Thank you for taking the time to read through this. I did try to post a slide from one of my presentations with a visual example, but was unsuccessful. For those of you who wish to know more I encourage you to google images of Charcot Foot to educate yourself. Once I learned what it was called, that’s how I began to educate myself about it.
We are all in this boat together!
Connie, thank you! I was hoping you would see my answer. As a RN, I started researching, again, as soon as I got home. There isn’t a lot on it, I know none of the other nurses I worked have a clue what is. I’m just happy my endocrinologist is on top of it.
It’s become more difficult as my left hip has become problematic making it extremely difficult to even put on a sock. As a medicare patient I’ve been waiting for 9 weeks to see am ortho PA to try to determine if the growing numbness is diabetic or orthopedic related, Trimming my toe mails ain’t very high on my list right now.
If taking a shower and washing between my toes would be considered “diabetes-related” than that’s something I do on a daily basis. I buy shoes that are comfortable and support my feet. That’s daily life, not anything special.
Every day when showering I pay particular attention to my feet, making sure there are no blisters, sore places etc. Then make sure they are mosturized and completely dry. The other thing I think is important is to wear shoes that are fitted properly and well supportive.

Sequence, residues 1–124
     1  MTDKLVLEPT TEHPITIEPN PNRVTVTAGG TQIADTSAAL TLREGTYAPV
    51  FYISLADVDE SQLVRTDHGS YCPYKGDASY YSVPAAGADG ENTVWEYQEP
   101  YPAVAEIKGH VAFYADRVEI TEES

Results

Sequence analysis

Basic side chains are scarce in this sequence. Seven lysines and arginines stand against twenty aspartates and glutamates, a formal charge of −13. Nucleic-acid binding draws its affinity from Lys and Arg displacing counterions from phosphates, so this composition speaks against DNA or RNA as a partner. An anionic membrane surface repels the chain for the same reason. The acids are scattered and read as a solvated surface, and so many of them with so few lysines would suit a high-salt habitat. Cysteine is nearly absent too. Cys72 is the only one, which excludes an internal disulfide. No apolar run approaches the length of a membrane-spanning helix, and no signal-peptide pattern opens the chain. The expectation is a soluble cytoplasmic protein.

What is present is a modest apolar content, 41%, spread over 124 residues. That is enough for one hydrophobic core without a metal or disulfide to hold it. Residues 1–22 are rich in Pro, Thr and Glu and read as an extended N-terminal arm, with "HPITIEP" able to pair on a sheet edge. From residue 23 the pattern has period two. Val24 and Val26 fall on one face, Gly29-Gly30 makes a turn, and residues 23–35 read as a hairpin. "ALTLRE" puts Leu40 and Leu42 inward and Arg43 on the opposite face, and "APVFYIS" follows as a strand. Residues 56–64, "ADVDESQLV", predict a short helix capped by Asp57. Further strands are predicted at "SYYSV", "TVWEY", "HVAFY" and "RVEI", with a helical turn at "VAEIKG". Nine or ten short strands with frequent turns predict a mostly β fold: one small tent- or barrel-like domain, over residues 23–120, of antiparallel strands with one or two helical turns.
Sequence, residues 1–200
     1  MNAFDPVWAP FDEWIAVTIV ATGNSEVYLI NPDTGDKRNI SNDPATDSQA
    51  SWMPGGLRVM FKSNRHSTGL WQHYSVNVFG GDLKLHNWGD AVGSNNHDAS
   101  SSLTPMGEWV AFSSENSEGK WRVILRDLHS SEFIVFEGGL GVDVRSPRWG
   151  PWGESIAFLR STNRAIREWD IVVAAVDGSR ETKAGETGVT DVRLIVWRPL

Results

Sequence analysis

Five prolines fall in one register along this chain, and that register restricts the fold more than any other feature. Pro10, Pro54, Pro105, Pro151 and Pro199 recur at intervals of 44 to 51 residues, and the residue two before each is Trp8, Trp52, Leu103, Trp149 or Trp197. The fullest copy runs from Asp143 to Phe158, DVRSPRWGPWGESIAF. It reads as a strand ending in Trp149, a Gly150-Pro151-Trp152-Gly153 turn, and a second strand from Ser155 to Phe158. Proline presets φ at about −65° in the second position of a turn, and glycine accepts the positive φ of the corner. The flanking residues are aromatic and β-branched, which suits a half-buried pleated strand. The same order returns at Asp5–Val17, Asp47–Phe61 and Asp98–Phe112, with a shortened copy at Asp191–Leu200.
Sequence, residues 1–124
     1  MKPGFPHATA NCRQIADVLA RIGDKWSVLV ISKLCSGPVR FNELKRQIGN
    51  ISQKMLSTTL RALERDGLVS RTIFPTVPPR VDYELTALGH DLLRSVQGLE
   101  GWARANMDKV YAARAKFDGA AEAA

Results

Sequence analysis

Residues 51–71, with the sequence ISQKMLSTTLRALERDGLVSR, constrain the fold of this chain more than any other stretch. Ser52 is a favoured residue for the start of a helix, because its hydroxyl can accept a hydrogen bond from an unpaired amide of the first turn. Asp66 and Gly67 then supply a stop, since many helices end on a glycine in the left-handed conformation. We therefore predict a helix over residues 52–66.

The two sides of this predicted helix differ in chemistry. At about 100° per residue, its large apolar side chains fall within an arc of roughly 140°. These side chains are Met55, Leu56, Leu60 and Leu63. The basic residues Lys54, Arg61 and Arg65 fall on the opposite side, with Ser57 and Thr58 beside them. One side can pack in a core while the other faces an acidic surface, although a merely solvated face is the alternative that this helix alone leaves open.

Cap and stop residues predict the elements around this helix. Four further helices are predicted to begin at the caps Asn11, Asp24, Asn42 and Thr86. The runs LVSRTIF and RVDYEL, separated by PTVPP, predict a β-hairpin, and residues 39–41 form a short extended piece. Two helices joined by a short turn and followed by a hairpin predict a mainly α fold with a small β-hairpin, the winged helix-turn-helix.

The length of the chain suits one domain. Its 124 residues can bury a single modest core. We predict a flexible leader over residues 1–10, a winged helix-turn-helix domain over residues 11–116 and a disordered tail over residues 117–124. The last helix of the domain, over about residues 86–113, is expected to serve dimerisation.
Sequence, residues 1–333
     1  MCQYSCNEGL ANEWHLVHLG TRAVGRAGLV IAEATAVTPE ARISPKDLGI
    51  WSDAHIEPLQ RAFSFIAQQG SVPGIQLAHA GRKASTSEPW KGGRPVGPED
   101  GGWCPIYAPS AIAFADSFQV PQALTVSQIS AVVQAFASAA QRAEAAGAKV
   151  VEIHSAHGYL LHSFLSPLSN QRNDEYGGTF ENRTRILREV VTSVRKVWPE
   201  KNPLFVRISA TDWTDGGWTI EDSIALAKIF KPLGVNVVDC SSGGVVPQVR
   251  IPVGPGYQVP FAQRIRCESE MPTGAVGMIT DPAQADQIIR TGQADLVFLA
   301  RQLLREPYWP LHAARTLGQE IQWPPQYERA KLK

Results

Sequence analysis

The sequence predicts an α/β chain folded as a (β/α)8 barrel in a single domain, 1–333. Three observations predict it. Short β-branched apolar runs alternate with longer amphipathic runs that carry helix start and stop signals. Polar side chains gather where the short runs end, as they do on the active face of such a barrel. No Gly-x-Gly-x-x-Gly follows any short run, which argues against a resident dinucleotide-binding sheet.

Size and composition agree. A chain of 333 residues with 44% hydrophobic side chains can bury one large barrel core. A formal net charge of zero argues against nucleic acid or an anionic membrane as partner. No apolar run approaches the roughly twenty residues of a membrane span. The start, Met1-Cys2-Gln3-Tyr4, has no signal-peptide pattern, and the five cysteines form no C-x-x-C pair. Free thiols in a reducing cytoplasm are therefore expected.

Regular care. Sixty years and my feet are fine. Podiatrist every three months at Kaiser. Used to go to nail salon but gave that up as too expensive. Have never used toenail polish as podiatrist told me long ago it was bad for my feet. Haven’t worn high heels since 1972. I hike and walk the dog. Never wear sandals as podiatrist said no no in 1990……. So compliant!
I am repeatedly receiving treatment for diabetic foot ulcers. I see a podiatrist every 2 weeks … regular podiatrists and the lead podiatrist in between.
I developed a skin condition, called pyoderma gangrenosum years and years ago and spent just over 3 months as a hospital in-patient, and was repeatedly being informed by medical professionals that I MAY need to have my foot amputated, but that didn’t happen.
The skin condition healed up, but it left me with a lot of scar tissue on the sole of my left foot. This, unfortunately, repeatedly ‘breaks down’ causing ulcers to occur, even though I’ve been regularly applying foot cream in an attempt to keep the skin ‘supple’. (I don’t, of course, apply foot cream whilst I have a foot ulcer present.)